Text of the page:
I don't know if you're like me but sometimes I struggle to ask for what I really want. Instead, I like to beat about the bush. Maybe it's an Irish thing?
While I really like the idea of Giftag, the recently-launched application that allows you to pull together a registry-style wish list of things you'd like from across the web, I find myself reluctant to add things to the list for fear I'd appear greedy or demanding.
Whatever about adding low-ticket items, I can't ever see myself putting something really expensive there: "He wants what? Where does he get off asking for something like that...Does he think we're made of money?"
Nor am I too sure how I'd casually let it drop to people that I've started a list (apart from mentioning it in a blog!): "My birthday's coming up. You might like to check out my Giftag list...". No, I just can't see it. It all seems very forward.
While I was catching up on podcasts over the holidays, I heard Gary Koelling of Giftag being interviewed by Albert Maruggi in the Santa Uses Giftag! episode of the Marketing Edge and was especially taken by the generous spirit in which Giftag has been developed.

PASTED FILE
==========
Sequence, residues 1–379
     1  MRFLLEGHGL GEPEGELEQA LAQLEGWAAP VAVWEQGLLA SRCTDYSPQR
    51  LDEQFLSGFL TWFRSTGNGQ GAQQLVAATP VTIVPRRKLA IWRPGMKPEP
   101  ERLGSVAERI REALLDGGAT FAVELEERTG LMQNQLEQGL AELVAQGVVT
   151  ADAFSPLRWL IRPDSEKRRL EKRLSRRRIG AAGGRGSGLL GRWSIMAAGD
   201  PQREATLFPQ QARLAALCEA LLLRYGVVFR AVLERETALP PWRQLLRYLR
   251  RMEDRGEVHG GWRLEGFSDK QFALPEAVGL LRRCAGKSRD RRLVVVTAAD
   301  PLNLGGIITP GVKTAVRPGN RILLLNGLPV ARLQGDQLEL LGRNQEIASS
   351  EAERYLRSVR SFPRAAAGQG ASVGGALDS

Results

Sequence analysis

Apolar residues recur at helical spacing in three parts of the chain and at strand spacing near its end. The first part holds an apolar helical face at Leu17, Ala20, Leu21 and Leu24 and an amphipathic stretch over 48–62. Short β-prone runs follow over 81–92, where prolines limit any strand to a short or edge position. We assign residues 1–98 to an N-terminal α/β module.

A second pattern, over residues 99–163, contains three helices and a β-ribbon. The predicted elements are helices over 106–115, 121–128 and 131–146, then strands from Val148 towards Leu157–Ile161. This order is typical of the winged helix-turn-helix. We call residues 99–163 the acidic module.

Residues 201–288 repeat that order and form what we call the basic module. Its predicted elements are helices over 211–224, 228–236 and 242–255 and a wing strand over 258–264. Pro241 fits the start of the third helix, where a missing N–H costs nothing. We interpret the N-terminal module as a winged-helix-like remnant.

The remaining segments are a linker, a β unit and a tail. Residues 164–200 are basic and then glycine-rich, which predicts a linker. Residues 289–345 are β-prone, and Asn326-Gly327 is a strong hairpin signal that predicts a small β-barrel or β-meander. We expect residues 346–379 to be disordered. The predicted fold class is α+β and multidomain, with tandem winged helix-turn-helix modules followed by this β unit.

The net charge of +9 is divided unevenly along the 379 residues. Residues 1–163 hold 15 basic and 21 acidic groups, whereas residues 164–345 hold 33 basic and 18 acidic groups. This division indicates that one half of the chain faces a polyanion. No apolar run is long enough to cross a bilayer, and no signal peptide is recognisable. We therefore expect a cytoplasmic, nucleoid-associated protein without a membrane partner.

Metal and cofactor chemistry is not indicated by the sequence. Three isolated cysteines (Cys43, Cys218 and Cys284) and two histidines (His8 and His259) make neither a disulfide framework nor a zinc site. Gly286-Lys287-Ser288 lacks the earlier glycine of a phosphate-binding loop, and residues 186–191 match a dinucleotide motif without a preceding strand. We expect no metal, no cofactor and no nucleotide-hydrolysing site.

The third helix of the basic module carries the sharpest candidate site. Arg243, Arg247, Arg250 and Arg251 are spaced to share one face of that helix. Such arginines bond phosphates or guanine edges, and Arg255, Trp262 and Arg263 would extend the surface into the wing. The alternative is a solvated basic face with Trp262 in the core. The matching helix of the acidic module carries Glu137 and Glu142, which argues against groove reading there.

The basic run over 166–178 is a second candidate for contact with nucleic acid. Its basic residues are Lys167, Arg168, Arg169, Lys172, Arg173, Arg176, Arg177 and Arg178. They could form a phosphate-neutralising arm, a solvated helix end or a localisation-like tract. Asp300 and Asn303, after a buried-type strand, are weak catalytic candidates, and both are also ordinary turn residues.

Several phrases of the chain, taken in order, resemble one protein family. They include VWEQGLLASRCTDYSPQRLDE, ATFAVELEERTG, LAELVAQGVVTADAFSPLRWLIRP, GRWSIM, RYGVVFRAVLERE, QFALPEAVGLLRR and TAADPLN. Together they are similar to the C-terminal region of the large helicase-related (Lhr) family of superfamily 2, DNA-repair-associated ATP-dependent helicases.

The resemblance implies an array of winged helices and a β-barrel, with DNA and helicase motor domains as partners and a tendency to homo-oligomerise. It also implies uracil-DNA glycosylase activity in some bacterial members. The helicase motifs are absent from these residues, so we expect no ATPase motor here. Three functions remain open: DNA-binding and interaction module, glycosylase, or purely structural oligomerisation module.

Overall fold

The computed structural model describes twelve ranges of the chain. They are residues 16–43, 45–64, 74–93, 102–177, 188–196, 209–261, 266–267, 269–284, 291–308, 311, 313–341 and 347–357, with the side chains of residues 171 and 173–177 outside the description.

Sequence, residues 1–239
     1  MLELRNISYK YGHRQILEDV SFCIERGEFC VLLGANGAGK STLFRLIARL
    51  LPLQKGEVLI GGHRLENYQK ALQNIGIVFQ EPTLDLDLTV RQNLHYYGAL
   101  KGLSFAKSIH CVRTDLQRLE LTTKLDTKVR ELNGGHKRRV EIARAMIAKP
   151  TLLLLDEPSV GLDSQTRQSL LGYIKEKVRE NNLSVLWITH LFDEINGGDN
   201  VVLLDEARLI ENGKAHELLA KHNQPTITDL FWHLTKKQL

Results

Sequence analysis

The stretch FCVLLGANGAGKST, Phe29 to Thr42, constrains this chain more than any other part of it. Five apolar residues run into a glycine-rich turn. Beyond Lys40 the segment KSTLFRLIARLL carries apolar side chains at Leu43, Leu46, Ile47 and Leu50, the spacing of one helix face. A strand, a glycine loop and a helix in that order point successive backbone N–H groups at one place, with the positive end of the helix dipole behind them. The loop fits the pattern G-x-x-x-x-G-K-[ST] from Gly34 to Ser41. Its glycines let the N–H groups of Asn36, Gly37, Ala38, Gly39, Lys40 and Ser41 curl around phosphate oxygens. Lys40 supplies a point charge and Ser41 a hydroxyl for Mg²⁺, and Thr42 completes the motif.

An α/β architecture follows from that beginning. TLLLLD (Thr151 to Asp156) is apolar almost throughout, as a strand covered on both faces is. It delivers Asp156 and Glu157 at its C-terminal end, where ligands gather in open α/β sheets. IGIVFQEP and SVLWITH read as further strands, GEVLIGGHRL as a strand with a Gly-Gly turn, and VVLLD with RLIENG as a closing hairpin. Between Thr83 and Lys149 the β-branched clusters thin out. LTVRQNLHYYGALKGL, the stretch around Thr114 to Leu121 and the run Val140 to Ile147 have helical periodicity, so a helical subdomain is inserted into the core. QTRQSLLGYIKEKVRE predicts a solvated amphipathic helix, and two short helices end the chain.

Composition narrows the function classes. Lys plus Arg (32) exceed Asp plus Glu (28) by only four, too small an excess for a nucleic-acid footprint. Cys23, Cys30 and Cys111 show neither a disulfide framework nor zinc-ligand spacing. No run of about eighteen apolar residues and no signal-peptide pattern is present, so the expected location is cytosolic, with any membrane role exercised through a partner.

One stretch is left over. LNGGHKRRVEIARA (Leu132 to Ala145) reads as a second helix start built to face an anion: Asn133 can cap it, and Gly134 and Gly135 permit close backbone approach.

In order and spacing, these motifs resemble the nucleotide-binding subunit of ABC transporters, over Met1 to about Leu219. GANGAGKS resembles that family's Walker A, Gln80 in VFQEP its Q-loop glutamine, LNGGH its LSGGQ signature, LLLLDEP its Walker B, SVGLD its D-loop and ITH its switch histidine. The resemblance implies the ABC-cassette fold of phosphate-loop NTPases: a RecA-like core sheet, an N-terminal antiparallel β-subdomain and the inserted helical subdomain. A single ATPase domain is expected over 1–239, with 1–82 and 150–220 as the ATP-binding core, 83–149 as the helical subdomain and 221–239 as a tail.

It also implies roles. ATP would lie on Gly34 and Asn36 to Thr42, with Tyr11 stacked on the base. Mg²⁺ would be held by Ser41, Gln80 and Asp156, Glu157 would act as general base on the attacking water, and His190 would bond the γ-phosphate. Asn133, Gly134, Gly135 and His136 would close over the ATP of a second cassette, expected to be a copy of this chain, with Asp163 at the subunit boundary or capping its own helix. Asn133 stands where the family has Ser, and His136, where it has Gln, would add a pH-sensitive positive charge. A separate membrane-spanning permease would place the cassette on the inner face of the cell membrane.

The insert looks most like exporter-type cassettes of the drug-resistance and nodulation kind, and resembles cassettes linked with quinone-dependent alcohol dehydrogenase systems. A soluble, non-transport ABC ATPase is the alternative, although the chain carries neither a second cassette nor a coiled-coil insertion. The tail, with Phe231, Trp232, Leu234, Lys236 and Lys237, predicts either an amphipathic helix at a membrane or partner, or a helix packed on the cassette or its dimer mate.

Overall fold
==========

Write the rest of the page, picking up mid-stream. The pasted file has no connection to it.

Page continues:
Apparently, Gary works for the Best Buy chain of stores in the US and whilst it might have been tempting to develop Giftag to include only items available through Best Buy, they took the decision to make it a universal application because (and I'm loosely paraphrasing here) 'Best Buy is a social company...if we're making the promise that we're gonna make life better for you, what advantage is there in our making it so you can only use it for Best Buy? We know full well that we're not the only place our customers shop!'
I like that! That works for me...
...although maybe Gary and his colleagues will have to develop 'AhNoYouShouldn'tHave', an Irish version of the application that somehow allows me to ask for what I really want without appearing to do so.